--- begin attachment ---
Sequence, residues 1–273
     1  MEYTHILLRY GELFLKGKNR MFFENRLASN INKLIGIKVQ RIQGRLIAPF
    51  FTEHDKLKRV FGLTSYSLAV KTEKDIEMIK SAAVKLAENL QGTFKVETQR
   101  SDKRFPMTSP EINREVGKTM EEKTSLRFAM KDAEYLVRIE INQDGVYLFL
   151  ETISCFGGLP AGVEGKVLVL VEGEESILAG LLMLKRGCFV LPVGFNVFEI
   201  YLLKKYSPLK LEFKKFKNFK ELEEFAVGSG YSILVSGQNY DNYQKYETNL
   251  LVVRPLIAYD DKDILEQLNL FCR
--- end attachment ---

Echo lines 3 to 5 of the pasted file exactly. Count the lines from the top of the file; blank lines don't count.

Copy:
    51  FTEHDKLKRV FGLTSYSLAV KTEKDIEMIK SAAVKLAENL QGTFKVETQR
   101  SDKRFPMTSP EINREVGKTM EEKTSLRFAM KDAEYLVRIE INQDGVYLFL
   151  ETISCFGGLP AGVEGKVLVL VEGEESILAG LLMLKRGCFV LPVGFNVFEI